On Monday the Supreme Court decided Dodd v. United States, No. 04-5286 (June 20, 2005) holding that the 1 year limitations period under 2255(3) "begins to run on the date on which this Court 'initially recognized' the right asserted in an applicant's motion, not the date on which that right was made retroactive"
Peter Godlberger, through a post at BOPWatch as well as his comment at Sentencing Law and Policy here, has alerted to the importance of Dodd to persons whose sentences became final before Blakely v. Washington was decided on June 24, 2004. I'm reproducing here Peter's comments at Sentencing Law and Policy:
Dodd has major and immediate implications for the AEDPA statute of limitations on Blakely/Booker claims. I would emphasize that the "newly recognized right" in question was more likely announced in Blakely than in Booker, so the year is more likely (under Dodd) to run from the date of Blakely than from the date of Booker next January. Honestly, it's hard to see how Booker announced any "new right" at all (although many circuits have more or less said it did, for purposes of analyzing retroactivity under Teague v Lane, a related but not necessarily identical question, even in the cockamamie sense that the expression "new rule" is used for Teague v Lane purposes); what was *new* in Booker was the *remedy* not the "right" or the "rule," IMHO. Be that as it may, the only sensible advice at this point, it seems to me, for any federal prisoner whose conviction became final more than a year ago and whose sentence might be mitigated if Booker were applied to him/her, and who has not previously filed a 2255 motion, is to file a 2255 on or before 6/24/05 - [three] days from now! The motion doesn't have to be in polished form, just to get something in. For a pro se prisoner, depositing it in the prison legal mailbox counts as filing, if the motion says that's what the prisoner is going to do. It can be amended to comply with formal requirements, at least (I'm leaving wiggle room here for how Mayle may come out). In all likelihood, the courts aren't going to hold the Apprendi/Ring/Blakely/Booker "rule" retroactive no matter when you file, but just in case there's no reason to blow the statute of limitations unnecessarily, too.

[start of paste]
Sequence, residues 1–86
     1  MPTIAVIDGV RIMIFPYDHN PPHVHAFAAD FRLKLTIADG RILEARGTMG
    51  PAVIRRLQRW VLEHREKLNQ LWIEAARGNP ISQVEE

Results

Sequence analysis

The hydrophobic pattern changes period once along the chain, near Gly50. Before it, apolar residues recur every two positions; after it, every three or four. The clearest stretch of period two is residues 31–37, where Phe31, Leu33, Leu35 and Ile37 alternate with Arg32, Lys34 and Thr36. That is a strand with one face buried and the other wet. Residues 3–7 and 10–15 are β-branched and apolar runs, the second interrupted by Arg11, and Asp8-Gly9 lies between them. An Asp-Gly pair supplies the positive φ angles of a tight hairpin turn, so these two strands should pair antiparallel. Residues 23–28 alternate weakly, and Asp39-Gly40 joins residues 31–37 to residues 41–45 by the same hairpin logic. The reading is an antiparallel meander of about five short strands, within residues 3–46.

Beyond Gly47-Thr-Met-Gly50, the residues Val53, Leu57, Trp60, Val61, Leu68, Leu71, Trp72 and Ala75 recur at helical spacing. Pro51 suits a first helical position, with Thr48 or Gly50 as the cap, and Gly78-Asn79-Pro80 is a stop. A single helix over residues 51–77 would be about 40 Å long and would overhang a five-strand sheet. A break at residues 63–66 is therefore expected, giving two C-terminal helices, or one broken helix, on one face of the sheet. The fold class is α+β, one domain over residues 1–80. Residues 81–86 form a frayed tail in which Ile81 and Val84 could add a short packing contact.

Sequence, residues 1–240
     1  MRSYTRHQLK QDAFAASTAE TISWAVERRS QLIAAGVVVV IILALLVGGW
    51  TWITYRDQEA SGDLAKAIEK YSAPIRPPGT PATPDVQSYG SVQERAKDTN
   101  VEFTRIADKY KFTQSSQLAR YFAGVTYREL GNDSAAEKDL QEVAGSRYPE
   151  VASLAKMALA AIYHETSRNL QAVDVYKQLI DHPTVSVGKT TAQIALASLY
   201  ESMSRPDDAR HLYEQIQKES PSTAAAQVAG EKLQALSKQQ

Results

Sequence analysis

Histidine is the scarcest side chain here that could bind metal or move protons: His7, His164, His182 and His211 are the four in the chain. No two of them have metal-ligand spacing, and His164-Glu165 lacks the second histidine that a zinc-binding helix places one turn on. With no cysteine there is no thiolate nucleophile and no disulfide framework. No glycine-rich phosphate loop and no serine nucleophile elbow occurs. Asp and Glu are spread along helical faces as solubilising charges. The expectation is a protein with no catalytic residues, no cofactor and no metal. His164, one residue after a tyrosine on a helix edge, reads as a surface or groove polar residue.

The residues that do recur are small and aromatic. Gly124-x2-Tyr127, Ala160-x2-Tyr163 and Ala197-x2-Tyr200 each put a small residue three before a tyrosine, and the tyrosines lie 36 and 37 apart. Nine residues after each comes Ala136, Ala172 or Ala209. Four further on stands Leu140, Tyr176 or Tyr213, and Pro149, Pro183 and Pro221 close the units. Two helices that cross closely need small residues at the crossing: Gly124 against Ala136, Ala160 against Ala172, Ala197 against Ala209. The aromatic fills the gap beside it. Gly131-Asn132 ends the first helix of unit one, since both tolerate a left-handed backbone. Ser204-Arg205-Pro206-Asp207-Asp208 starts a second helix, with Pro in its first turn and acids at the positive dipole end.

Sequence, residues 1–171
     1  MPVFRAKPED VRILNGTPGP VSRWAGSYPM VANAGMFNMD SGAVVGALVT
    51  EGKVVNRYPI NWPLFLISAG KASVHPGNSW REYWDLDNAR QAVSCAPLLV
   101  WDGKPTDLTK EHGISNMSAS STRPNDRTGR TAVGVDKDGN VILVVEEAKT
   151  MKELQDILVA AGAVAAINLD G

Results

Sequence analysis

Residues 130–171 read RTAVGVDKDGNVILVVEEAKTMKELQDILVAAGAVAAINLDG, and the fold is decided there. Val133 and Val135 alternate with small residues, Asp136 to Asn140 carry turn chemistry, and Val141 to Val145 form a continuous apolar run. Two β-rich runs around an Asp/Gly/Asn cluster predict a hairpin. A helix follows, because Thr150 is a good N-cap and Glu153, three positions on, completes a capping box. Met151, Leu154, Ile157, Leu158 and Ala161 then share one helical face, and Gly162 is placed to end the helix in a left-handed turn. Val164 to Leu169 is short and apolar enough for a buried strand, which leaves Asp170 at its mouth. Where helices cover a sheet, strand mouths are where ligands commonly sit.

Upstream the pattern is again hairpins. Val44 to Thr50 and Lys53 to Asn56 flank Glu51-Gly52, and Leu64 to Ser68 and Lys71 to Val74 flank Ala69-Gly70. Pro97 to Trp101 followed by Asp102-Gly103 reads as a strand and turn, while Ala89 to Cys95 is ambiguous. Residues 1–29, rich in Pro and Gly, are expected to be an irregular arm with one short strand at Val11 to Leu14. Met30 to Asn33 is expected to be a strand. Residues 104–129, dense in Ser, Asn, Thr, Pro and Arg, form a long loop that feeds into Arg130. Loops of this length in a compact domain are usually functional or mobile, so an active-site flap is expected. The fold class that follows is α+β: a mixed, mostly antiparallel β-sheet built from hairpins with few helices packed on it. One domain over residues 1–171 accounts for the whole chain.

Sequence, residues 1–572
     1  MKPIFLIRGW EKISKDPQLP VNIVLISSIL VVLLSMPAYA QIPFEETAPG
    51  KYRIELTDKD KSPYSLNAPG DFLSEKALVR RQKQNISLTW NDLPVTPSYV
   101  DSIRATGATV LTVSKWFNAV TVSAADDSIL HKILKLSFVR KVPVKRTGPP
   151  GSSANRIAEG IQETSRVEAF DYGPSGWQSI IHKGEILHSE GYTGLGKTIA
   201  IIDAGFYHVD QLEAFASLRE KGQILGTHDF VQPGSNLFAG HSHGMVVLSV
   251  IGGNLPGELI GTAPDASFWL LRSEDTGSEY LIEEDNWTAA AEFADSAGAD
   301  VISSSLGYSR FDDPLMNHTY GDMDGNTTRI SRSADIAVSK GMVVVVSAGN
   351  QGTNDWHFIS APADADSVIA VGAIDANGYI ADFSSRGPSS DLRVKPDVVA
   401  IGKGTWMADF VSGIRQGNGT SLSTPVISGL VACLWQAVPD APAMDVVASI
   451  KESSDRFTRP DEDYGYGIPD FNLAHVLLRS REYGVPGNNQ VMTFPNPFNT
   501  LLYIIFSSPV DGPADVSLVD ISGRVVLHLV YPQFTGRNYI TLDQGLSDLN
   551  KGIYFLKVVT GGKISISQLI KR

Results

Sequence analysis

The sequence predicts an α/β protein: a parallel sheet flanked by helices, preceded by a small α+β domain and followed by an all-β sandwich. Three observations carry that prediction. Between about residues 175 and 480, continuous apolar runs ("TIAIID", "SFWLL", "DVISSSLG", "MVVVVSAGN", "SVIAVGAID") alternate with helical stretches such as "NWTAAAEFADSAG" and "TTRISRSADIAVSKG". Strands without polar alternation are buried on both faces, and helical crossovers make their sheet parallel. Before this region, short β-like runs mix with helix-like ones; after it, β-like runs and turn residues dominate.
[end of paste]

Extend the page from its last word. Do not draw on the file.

-- Peter Goldberger, Ardmore, PA
So you have been warned now.